Fall 2021

ENG 3010: Survey of English Literature I

 Prof. Laura Kolb

In this course, we will track the development of literary forms and literary culture in the British Isles. Beginning with a selection of Old English poems and riddles, the course will move through the epic Beowulf; stories from Geoffrey Chaucer’s Canterbury Tales and Marie de France’s lais; and plays by Shakespeare and his contemporaries. We will also encounter lyric poems by Philip Sidney, Lady Mary Wroth, John Donne, and Katherine Philips. The course will culminate with John Milton’s biblical epic, Paradise Lost. Our main goals in the class are twofold: to become spectacular close-readers of poetry (and, by extension, other types of writing) and to analyze how the texts we study respond to changing political, economic, social, and religious contexts.​

ENG 3015: Survey of English Literature II

 Prof. Harold Ramdass

The 300 years of British literary history we survey this semester represents a profound meditation upon the developments, movements, and events that have shaped the British past and our present world. We examine how our texts reflected upon the French Revolution, internal colonialisms, slavery and abolition, industrialization, scientific and technological change, the rise and fall of empire, world wars, and the voices of immigrant Britons defining their literary space. We’ll examine writers experimenting with form and genre, engaging global influences, and reimagining a relationship with the classical past. Our approach emphasizes close reading of texts situated in their historical and literary contexts. Students will explore their interests in short reflective pieces, a midterm, a final exam, and two scaffolded argument-driven essays.​

ENG 3020 Survey of American Literature I

Prof. R. Rodriguez 

What if we consider the idea of America’s greatness (often symbolized by the image of the “city upon a hill”) from the perspective of the citizens of the city underground: the colonized, scapegoats, outlaws, the poor, slaves, women, immigrants?  How might such a shift in viewpoint impact our understanding of the nation’s founding concepts and ideals: utopia, community, fellowship, citizenship, equality, liberty, democracy, and other life pursuits?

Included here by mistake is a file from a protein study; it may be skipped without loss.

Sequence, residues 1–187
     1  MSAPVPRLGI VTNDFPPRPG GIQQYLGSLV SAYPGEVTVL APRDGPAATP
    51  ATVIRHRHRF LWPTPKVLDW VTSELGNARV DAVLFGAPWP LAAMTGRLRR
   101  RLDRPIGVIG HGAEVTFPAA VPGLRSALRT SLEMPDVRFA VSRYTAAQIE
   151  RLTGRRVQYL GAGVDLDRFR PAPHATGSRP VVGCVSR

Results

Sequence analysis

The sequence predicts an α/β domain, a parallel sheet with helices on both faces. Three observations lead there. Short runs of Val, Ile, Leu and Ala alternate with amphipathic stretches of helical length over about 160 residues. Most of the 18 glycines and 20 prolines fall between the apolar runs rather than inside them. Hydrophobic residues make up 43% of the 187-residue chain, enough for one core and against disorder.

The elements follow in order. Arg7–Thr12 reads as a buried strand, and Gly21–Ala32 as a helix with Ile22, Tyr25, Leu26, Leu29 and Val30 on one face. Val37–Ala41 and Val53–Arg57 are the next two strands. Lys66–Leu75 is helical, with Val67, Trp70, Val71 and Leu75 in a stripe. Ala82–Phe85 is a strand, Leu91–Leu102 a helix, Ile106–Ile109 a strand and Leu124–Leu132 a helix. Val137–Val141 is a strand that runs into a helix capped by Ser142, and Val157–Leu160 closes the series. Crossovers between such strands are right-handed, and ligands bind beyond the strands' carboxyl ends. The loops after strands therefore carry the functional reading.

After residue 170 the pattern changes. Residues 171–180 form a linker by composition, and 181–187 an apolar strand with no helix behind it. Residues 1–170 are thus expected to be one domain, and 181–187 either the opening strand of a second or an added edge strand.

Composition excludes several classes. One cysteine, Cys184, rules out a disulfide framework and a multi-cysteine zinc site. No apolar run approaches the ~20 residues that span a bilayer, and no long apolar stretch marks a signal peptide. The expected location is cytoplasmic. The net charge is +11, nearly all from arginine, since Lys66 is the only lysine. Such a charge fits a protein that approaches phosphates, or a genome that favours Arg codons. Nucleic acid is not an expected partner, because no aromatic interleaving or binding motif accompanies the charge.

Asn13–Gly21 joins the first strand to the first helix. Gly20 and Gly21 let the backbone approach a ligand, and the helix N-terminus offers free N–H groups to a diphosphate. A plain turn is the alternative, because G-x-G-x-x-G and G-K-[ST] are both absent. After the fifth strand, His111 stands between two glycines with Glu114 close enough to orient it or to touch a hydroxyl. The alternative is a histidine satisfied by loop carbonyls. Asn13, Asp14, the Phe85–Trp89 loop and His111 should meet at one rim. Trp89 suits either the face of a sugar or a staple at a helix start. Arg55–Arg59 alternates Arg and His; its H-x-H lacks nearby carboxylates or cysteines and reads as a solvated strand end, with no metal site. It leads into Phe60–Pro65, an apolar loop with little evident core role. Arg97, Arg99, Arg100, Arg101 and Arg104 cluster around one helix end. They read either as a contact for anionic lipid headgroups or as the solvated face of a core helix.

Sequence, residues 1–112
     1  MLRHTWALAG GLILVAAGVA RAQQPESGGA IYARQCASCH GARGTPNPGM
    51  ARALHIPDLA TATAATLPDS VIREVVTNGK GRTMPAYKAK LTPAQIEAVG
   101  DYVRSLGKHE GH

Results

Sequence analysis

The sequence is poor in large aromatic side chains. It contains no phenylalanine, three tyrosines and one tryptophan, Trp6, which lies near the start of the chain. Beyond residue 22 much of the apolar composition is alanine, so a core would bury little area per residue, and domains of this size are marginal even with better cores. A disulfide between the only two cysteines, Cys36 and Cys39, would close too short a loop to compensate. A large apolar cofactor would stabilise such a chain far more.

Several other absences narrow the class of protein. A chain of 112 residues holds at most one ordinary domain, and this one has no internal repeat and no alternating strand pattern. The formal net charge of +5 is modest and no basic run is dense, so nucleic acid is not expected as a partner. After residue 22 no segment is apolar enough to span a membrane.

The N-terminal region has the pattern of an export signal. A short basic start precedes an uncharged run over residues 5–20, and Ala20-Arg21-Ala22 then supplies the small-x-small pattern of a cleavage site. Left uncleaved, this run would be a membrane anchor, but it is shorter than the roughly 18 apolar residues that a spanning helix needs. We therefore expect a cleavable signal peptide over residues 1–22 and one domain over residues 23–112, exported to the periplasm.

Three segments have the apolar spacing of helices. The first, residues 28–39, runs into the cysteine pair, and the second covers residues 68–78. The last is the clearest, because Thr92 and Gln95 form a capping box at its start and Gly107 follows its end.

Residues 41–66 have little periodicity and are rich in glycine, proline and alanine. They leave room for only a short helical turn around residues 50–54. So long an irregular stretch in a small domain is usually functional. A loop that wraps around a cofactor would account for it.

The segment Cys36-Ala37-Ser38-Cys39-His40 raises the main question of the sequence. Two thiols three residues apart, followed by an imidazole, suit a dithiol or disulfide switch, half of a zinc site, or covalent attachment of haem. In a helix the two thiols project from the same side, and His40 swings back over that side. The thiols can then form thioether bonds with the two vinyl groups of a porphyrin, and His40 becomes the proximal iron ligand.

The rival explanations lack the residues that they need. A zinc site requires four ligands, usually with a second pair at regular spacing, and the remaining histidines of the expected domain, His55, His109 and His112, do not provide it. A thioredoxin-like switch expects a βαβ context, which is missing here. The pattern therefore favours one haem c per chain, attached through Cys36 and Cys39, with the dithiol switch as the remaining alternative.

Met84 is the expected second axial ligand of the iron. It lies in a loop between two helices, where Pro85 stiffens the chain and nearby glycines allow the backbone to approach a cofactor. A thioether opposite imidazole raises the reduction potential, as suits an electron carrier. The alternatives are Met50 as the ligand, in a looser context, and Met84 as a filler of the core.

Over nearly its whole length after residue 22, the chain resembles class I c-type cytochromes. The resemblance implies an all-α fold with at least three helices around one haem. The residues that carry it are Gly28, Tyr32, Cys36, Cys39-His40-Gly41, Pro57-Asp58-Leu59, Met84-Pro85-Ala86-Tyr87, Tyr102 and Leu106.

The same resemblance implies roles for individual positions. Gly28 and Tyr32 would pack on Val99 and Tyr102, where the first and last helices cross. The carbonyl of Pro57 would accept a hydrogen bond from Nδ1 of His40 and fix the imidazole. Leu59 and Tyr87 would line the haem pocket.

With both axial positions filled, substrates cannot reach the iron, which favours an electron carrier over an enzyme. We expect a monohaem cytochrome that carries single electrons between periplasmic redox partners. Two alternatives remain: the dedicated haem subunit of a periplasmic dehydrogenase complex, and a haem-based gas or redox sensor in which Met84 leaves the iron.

In addition to the survey’s focus on texts and genres, our course will tap American literature’s utopian vein and engage in a critical and imaginative assessment of writers invested in thinking about workable alternatives to the status quo.

English 3025: Survey of American Literature II

Prof. Frank Cioffi

In this course we will read examples of canonical American literature from 1865 to the present. We will look at works by well-known writers such as Henry James, Mark Twain, Willa Cather, and Kate Chopin, as well as at works by somewhat less-known or celebrated authors such as Constance Fenimore Woolson, Gertrude Bonnin, and Charles Chesnutt. The text will be The Concise Heath Anthology of American Literature Volume II, 1865 to the Present, Second Edition, Paul Lauter [editor], ISBN 10: 1285080009 / ISBN 13: 9781285080000.

In part the course (and the text I’ve chosen) seeks to expand the traditional canon of American literature, emphasizing the wide diversity of voices that make up our national literature.

There will be in-class writing required during every class session, as well as outside-of-class assignments.

 ENG 3032: Ethnic Literature: Asian American Literature

Prof. Eva Shan Chou

This course explores the wide range of works written by Asian Americans in the U.S. from the earliest decades of the previous century to the present day. Beginning when Chinese and Japanese were here but not allowed to be citizens through to today’s many nations of origin (India, Pakistan, Indonesia, Korea, Taiwan, the Philippines and more), immigrant and native-born writers were continually expressing themselves and looking for readers. Before and after World War II were self-starters like the great Hisaye Yamamoto, Toshio Mori, John Okada, and Louis Chu. In the twenty-first century, writers like Jhumpa Lahiri, Ha Jin, Li Yiyun, and Antony Veasna So have laid claim to their part in American literature. The key events for these modern Asian Americans were the key events of modern America: World War II, the 1964 Civil Rights Act, and the 1965 Immigration Act to start with. The novels, short stories, plays, film scripts they have written in this context are the materials of this course.